Types of manufacturing and non-manufacturing sources and examples

Type of source Example of source
Stationary source fuel combustion small boilers and heaters burning fossil fuels to generate heat or steam
Aircraft unpaved airstrips airplane emissions not located at a typical airport
Industrial processes chemical manufacturing, food and kindred products, secondary metal production, petroleum refining, wood products, rubber and plastics
Solvent utilization surface coating such as painting, degreasing, dry cleaning, graphic arts, consumer products, and other solvent usage categories too small and/or numerous to be treated as point sources
Storage and transport of petroleum and petroleum products gasoline
Waste disposal, treatment and recovery such as waste incineration (municipal residential, or commercial/institutional), open burning on-site or at dumps, wastewater treatment, and landfills
Miscellaneous area sources such as agricultural field burning, managed/ prescribed burning, forest wildfires, structure fires, oil and gas production, construction, gasoline service stations, on-site incineration, open burning, and wastewater treatment
On-road mobile sources cars, buses, and trucks
Off-road mobile sources gasoline-powered equipment, such as lawn and garden equipment, generators, gasoline-powered offroad motorcycles and recreational boats, diesel-powered construction and farm equipment, aircraft, railroads, commercial boats, and coal and oil-powered commercial boats


Table 1. EPA's cumulative exposure project (CEP) modeling results for the census tract containing the Newtown Community, as compared to measured values

Chemical CEP Model-1990
(µg/m3)
Measured-1997 (µg/m3) Comments
Upper Value Lower Value Mean
Toluene

6.70024

7.2 1.2 2.46 Modeled concentration within range of measured
Benzene

2.81887

2.6 0.1 1.1 Modeled concentration close to range of measured concentration. The range of CEP modeled results overlaps the measured range.
Methylene Chloride

2.78056

46.9 1.2 3.5 Modeled concentration within range of measured
Hexane

1.43689

4.3 0.0707 2.06 Modeled concentration within range of measured
Chloromethane

1.24877

1.4 0.707 0.824 Modeled concentration within range of measured
Tetrachloroethylene

1.13149

<2.4 <2.4 <2.4 Compound was not detected in air samples. Modeled value is below detection limit.
Carbon Tetrachloride

1.01525

<2.19 <2.19 <2.19 Compound was not detected in air samples. Modeled value is below detection limit.
Isooctane

1.00253

1.8 0.0707 0.957 Modeled concentration within range of measured
Methyl Isobutyl Ketone

0.95087

<12.2 <12.2 <12.2 Compound was not detected in air samples. Modeled value is below detection limit.
Trichloroethylene

0.93847

<1.91 <1.91 <1.91 Compound was not detected in air samples. Modeled value is below detection limit.
Chloroform

0.53558

<1.7 <1.7 <1.7 Compound was not detected in air samples. Modeled value is below detection limit.
Ethyl Benzene

0.43483

1.56 0.1 1.42 Modeled concentration within range of measured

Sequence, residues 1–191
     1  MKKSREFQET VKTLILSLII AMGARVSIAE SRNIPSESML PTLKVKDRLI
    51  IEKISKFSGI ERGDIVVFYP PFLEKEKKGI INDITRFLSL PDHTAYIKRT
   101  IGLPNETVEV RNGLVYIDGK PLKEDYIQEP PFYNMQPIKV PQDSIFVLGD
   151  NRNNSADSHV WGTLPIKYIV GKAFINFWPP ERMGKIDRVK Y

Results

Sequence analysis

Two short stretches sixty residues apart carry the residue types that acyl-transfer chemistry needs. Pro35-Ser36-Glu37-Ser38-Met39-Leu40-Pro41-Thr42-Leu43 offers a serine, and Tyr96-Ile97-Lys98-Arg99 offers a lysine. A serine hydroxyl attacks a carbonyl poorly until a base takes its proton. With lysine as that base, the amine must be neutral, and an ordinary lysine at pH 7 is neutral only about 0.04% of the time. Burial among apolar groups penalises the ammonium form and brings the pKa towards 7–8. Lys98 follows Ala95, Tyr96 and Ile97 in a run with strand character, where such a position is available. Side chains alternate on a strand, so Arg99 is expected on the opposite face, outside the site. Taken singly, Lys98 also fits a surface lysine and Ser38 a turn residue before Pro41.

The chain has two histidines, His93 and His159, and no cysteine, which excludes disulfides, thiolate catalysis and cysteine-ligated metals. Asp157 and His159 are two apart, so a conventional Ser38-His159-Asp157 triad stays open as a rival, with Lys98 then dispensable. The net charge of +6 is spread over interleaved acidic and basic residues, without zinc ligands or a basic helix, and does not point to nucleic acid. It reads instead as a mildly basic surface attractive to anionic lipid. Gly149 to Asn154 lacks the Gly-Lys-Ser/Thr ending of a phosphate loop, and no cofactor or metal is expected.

1,2-dichloroethane

0.23384

<1.41 <1.41 <1.41 Compound was not detected in air samples. Modeled value is below detection limit.
Naphthalene

0.13965

0.07 0.000212 0.0235  
1,4-dichlorobenzene

0.04381

<2.12 <2.12 <2.12 Compound was not detected in air samples. Modeled value is below detection limit.
Styrene

0.04174

0.9 0.0707 0.39 Modeled concentration within range of measured
Bromomethane

0.03900

<1.34 <1.34 <1.34 Compound was not detected in air samples. Modeled value is below detection limit.
Cumene (Isopropylbenzene)

0.02784

<0.0707 <0.0707 <0.0707 Compound was not detected in air samples. Modeled value is below detection limit.
Chlorobenzene

0.01947

<1.63 <1.63 <1.63 Compound was not detected in air samples. Modeled value is below detection limit.
1,2-dibromoethane

0.00769

<2.69 <2.69 <2.69 Compound was not detected in air samples. Modeled value is below detection limit.
1,1,2-trichloroethane

0.00308

<1.91 <1.91 <1.91 Compound was not detected in air samples. Modeled value is below detection limit.
Lead

0.00270

0.017 0.00219 0.00579 Modeled concentration within range of measured
Manganese

0.00235

0.022 0.00041 0.00914 Modeled concentration within range of measured
Hexachlorobutadiene

0.00181

7.5 1.06 3.8 CEP underestimated hexachlorobutadiene.
Nickel

0.00113

0.0028 0.000919 0.00135 Modeled concentration within range of measured
Selenium

0.00064

0.22 0.019 0.0808 CEP underestimated selenium
Chromium

0.00026

0.0062 0.00032 0.00265  
Hexachlorocyclohexane, Gamma-

0.00025

0.0000283 0.0000212 0.0000222  
Arsenic

0.00017

0.018 0.002 0.00529  
Hexachlorobenzene

0.00009

0.0000566 0.0000354 0.0000441  
Cadmium

0.00008

0.0042 0.00017 0.000647  
Cobalt

0.00003

0.0023 0.0008 0.00135  
Vinyl Chloride

0.00002

<0.919 <0.919 <0.919 Compound was not detected in air samples. Modeled value is below detection limit.
Chloroethane

0.00002

<0.919 <0.919 <0.919 Compound was not detected in air samples. Modeled value is below detection limit.
Beryllium